Hard to miss stories about the Manson Family in this 35th Anniversary season. Last night A&E aired a program, "Manson's Women," which purported to delve in-depth into the stories of the girls who slew at Manson's bidding. Of course, it was simply a rehash of the grisly murders for those who might have been born after they took place and who have no memory of the events in question. However, the snippets of interview they held with Leslie Van Houten, Patricia Krenwinkle and Lynette Fromme were interesting.
Van Houten and Krenwinkle were teenagers when I was an eleven year old boy. Now they look rather like my mother, taut, vaguely athletic, assertive in that sense some might call "mannish." They spoke simply and directly about the murders in which they participated. Pat Krenwinkle described killing Abigail Folger with the dispassion she might have had describing any other process in her life, with no display of hard emotion. It's been 35 years, though.
Lynette Fromme, on the other hand, drips with delusionary sweetness. She speaks in a breathy voice, her eyes alight with mirth, or perhaps, joy. If so, it's a secret joy she shares with no one behind the camera. She alone of Manson's women evinces what might typically be called femininity. She smiles mysteriously at questions that trigger memories of that time in her life, when her life intersected with something enormously powerful: meaning. For she had no meaning before it, and certainly no meaning since. Her interview is intercut with interviews of Manson, pathetic, self-pitying, whiny, with that messianic patois still falling off his lips like sacred screed. Hard to believe how anyone could have fallen for it. But then, they fell for Jim Jones and David Koresh and L. Ron Hubbard and Joseph Smith, too.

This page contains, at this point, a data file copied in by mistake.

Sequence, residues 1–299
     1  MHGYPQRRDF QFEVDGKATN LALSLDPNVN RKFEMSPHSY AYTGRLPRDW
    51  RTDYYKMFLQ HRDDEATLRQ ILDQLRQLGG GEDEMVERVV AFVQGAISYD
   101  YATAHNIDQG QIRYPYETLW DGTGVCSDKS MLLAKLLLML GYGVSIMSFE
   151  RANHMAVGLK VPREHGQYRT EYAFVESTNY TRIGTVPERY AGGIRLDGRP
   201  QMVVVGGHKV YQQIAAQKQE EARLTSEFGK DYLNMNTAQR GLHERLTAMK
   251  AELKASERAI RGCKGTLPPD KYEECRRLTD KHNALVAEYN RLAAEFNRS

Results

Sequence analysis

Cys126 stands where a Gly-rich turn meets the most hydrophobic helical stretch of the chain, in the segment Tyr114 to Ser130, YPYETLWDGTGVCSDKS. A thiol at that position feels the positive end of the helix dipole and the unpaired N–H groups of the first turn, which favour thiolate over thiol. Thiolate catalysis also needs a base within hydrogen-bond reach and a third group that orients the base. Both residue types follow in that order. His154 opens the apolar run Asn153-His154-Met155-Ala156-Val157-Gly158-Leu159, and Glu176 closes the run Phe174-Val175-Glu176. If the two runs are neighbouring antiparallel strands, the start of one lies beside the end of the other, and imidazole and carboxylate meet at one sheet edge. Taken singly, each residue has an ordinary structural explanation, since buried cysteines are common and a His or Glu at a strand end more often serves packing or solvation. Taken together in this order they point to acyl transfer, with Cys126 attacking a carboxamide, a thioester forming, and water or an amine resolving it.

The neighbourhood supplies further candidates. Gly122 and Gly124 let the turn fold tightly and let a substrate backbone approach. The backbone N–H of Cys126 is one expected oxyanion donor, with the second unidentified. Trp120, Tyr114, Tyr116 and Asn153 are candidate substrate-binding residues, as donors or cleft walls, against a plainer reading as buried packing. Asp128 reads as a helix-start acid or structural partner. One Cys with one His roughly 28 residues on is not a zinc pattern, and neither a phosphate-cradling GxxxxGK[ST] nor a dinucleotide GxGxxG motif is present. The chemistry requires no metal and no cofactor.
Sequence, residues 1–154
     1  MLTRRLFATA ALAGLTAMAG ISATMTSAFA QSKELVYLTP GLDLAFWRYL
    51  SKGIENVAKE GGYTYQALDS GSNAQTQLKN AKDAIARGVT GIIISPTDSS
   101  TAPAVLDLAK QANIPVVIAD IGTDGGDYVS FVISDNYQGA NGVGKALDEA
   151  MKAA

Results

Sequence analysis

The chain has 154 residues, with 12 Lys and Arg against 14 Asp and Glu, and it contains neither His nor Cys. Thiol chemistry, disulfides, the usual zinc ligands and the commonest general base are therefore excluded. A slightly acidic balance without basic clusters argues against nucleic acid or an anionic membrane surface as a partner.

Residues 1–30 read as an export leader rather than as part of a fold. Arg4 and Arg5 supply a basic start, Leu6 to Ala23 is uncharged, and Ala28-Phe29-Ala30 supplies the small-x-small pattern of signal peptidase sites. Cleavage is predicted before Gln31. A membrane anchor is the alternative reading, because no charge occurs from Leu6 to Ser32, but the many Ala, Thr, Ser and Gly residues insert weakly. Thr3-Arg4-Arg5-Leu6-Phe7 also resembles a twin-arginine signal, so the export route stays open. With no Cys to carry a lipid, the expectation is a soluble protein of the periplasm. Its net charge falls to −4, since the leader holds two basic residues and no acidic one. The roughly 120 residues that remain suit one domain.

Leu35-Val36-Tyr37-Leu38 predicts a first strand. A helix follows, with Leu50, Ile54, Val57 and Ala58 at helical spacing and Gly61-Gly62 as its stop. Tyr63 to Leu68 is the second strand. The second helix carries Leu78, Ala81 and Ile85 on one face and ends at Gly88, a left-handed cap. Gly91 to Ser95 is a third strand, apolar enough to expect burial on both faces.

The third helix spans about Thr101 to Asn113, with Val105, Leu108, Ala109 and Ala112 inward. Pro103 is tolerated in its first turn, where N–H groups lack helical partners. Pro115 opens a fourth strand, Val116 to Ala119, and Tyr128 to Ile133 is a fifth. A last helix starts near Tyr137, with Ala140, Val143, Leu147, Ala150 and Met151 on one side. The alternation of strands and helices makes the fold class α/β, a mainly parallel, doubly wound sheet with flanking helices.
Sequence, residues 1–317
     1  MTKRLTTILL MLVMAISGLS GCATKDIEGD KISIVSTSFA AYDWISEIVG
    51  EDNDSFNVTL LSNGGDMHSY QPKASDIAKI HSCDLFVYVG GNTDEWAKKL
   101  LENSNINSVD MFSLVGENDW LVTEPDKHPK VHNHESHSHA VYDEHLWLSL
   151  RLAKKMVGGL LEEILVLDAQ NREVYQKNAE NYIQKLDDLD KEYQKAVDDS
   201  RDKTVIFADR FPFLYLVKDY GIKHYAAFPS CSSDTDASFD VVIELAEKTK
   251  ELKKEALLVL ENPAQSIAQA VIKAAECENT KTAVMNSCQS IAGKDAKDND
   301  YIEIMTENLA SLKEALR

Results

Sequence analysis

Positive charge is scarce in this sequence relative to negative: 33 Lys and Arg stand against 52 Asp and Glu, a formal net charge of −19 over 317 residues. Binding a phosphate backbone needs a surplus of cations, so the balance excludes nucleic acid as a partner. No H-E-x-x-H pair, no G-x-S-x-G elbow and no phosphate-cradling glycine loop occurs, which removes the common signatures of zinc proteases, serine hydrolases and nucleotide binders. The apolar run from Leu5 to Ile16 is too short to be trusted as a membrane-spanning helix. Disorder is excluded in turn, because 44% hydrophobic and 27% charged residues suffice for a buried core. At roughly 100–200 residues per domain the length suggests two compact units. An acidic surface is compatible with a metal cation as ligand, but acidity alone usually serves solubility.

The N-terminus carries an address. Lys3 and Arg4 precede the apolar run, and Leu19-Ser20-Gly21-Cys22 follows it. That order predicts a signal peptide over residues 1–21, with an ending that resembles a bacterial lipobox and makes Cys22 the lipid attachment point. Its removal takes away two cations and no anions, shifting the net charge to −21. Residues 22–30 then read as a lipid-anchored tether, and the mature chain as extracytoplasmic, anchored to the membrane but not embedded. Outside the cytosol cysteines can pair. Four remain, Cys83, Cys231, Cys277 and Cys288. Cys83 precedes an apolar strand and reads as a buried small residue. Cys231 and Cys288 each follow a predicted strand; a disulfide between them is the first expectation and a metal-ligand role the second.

Nobody asks any questions about Scientology.
But it's to Van Houten and Krenwinkle that my thoughts return. They seem normal, if butch, and they speak clearly and without any hint of the emotional/mental vortices that swirl inside Manson and Fromme. The third of Manson's women who killed, Susan Atkins, did not appear in front of the camera. Perhaps she has tired of talking about it. Perhaps she believes that her actions speak for themselves.
If any of Manson's women are parolled, it will be Leslie Van Houten and Patricia Krenwinkle. And their studious, dispassionate approach will be the making of them. For they can show that they have grown, accepted their responsibility, and felt remorse, oh, such remorse, remorse that has grown as bitter and toxic as battery acid over the years. Whereas, the survivors, with their strident calls for everlasting vengeance, are the ones who actually appear insane.